The New York Daily News recently reported the tragic story of a 20-year-old “Facebook fanatic” perusing the social media site while speeding along a highway. According to law enforcement sources, the woman was both texting and checking Facebook photos instead of looking at the road ahead. As a result, she failed to see a vehicle ahead slow in order to make a turn. The Facebook aficionado slammed into the vehicle ahead killing an 89-year-old passenger. In many instances, distracted driving accidents are caused by talking on a cellphone, manipulating an electronic device or texting while driving.
According to the Governors Highway Safety Association, at least 387,000 people are injured each year in distracted driving crashes while thousands lose their lives. These are conservative estimates. The New York Daily News reports that the number of distracted driving accidents appears to be underreported thereby making the problem look less significant than it is. Many drivers who cause an accident will not confess to being distracted and those who die at the scene cannot confirm or deny whether they were distracted. A significant part of today’s distracted driving problem is that too many Americans believe they can successfully multitask by driving and using a cellphone simultaneously.
In a recent article published in The New Yorker Magazine, it is reported that research has revealed that there are some of us who can-possibly-drive and do other things at the same time. The bad news is that these truly remarkable multitaskers constitute only about two percent of the population. The sad truth is that 98 percent of us simply cannot safely drive and use a cellphone at the same time. The attempt to do so leads to slowed reaction time and decreased attention to the point where the typical person misses more than half of the things they should see. A researcher interviewed for the article bluntly stated that when the typical person tries to drive, deal with road conditions and use a cellphone, the brain cannot cope with the overload since it is just not made that way.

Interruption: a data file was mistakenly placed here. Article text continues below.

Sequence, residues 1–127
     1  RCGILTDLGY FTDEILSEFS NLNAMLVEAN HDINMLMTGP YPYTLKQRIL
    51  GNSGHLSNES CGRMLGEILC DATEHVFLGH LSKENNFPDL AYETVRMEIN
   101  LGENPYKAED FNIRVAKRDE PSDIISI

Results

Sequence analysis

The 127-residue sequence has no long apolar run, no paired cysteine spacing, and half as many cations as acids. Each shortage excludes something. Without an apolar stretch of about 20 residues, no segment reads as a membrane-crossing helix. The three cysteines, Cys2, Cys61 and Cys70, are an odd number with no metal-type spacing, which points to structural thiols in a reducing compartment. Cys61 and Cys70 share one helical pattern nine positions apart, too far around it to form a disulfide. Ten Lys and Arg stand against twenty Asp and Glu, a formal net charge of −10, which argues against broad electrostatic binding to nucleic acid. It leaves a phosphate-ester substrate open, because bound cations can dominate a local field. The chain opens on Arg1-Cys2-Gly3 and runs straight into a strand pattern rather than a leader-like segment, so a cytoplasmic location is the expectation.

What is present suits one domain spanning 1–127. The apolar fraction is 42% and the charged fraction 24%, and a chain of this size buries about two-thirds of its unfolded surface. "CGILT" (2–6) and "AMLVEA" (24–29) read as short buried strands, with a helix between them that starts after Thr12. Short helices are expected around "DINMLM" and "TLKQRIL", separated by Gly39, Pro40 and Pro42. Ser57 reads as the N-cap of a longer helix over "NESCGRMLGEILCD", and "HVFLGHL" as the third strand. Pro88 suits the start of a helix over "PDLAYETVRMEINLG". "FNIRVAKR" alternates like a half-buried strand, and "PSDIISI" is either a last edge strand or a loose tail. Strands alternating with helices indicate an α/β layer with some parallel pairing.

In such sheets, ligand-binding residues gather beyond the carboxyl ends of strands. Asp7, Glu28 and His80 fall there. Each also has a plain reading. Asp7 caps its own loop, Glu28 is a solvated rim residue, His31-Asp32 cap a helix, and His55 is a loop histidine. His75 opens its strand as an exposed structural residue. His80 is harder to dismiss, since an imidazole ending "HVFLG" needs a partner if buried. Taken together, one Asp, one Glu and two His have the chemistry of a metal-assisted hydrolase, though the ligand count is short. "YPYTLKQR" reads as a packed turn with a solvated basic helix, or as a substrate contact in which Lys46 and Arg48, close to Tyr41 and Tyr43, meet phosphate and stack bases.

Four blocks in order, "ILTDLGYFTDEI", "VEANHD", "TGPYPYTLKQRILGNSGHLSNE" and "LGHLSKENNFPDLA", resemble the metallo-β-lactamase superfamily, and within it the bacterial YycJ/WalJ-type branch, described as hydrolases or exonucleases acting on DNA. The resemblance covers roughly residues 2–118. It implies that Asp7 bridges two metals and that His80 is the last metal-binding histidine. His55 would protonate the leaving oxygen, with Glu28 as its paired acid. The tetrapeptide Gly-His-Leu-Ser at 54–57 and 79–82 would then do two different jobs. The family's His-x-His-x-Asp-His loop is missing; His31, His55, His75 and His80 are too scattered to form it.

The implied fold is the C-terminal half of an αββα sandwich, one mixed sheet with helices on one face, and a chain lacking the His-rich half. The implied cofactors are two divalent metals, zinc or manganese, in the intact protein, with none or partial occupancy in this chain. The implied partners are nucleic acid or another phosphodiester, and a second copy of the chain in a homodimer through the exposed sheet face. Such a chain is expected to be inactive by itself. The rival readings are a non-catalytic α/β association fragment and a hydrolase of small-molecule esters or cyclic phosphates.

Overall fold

The “selfie” distraction
A Ford Motor Company sponsored survey reveals that one in four young people in Europe have taken a “selfie” while driving. This is viewed as “a highly distracting activity.” Moreover, nearly half of young drivers admit to having used their smartphone to snap a photograph while behind the wheel. A Ford spokesperson acknowledges that taking a selfie on a smartphone has become an integral part of everyday life for many people. However, it is the last thing one should do behind the wheel of a car.
According to Ford, snapping a “selfie” behind the wheel can distract a driver for 14 to 20 seconds. The New York Governor’s Safety Committee notes that taking one’s eyes off the road for more than two seconds doubles the risk of a crash or near crash. While no U.S. surveys have been done on taking selfies while driving, the Dailydot.com website notes that anecdotal evidence suggests that snapping selfies behind the wheel is a problem in America. It is observed that the hashtag #Driving has over 3.8 million entries on Instagram-many of them taken by a driver.
Seeking legal counsel
There is no excuse for distracted-driving behaviors such as texting and taking selfies. If you or a loved one has been injured due to a distracted motor vehicle driver, you should contact a New York attorney experienced in handling motor vehicle accident cases which resulted in personal injury.